Telogen effluvium is usually not a permanent case. The hair loss is reversible, and the hair growth takes 3-6 months after stopping the cause. It can take one year until the hair is fully recovered.
As the new hair first comes up through the scalp, it pushes out the dead hair, showing a fine hairline of new hair growth.
Although telogen is a normal hair cycle, where your hair will normally fall out, its abnormal condition intensifies the hair loss to a noticeable effect.
Telogen effluvium is considered a reversible hair loss condition and is mostly triggered by a stressful event. The hair loss usually starts happening several months after the triggering event.
Once we deal with the trigger, the hair loss will slow down, and you’ll notice hair growth, which can take from 6 months to more than a year to fully recover and get your previous appearance.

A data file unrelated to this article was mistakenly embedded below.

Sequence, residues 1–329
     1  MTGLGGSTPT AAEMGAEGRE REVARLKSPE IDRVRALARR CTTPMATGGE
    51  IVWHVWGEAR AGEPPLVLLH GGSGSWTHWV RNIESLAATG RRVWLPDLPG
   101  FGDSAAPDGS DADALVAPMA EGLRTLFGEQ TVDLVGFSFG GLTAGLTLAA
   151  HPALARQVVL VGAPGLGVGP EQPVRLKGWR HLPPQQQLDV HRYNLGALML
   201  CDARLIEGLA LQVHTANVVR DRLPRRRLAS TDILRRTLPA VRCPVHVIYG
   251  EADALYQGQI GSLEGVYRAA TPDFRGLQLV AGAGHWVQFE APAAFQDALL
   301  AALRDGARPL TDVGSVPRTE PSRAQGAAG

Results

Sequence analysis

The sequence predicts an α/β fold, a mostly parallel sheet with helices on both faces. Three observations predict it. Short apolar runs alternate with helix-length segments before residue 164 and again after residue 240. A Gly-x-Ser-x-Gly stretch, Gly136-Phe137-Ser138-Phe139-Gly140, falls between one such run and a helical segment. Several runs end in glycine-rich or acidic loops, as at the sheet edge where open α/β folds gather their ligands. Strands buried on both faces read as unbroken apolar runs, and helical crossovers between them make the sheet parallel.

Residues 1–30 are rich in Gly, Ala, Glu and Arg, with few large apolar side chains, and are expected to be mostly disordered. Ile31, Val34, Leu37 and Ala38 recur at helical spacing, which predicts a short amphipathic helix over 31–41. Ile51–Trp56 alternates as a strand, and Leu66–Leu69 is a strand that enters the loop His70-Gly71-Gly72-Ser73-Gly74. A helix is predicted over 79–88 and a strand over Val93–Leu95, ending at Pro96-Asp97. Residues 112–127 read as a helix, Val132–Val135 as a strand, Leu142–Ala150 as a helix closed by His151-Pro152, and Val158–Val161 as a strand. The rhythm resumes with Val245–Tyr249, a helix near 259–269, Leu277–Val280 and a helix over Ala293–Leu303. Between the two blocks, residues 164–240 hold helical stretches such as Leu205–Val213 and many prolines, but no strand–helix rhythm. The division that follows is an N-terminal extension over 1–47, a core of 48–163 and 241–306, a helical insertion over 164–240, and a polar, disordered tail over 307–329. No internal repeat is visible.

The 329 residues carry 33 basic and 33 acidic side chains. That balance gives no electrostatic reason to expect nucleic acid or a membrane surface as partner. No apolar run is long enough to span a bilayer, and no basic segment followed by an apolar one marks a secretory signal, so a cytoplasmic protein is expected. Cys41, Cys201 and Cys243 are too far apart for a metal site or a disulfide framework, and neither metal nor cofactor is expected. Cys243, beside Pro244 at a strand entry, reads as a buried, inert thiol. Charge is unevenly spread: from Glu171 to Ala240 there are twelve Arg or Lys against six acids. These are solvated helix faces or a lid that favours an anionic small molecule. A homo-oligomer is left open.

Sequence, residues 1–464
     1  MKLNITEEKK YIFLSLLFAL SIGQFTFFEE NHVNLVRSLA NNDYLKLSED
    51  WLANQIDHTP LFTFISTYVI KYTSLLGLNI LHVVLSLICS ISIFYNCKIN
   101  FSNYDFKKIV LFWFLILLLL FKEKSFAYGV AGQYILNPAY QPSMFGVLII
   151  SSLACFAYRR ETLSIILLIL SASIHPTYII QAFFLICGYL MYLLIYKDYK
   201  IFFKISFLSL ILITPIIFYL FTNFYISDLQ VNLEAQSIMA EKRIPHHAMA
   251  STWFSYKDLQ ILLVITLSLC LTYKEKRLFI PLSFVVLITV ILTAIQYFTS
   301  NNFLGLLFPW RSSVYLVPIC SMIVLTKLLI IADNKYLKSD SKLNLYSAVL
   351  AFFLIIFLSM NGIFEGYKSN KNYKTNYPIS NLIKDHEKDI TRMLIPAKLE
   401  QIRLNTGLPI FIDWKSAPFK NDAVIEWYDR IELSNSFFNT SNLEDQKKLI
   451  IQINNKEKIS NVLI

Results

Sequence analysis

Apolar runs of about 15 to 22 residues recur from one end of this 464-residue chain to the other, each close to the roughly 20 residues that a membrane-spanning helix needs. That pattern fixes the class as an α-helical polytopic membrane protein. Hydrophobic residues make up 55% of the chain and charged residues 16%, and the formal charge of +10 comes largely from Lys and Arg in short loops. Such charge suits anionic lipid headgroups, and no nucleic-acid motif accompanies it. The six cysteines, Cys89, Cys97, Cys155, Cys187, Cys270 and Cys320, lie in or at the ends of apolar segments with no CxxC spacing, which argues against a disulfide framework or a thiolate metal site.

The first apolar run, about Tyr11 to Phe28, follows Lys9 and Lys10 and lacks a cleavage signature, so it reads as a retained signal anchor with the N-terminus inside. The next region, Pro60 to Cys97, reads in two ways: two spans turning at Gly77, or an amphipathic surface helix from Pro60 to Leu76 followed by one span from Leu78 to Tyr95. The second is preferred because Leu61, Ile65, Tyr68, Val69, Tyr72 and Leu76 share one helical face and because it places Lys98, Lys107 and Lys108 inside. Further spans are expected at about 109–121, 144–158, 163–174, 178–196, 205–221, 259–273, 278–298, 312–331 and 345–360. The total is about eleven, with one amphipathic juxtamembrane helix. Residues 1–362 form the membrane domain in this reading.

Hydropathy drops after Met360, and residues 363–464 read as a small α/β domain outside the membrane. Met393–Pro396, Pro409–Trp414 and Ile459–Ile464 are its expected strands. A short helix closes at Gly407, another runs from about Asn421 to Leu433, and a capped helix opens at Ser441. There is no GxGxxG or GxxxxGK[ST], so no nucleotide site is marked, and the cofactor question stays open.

Chronic telogen effluvium is not uncommon. It typically happens in women who previously had very thick hair in their teens and twenties, and they still have an apparently normal amount of hair on their scalp but it’s not as thick as before.
It affects the entire scalp without any clear reason. Furthermore, it often impacts women of 30 to 60 years of age. Chronic telogen effluvium starts suddenly and has a tendency to fluctuate for years.
The degree of hair loss is usually severe in the early stages, and most of the cases notice the decreased thickness of their hair. It does not cause complete baldness and does appear to be self-limiting in the long run.
The cause of chronic hair loss is not known, but it tends to happen when there are repeated episodes of telogen effluvium.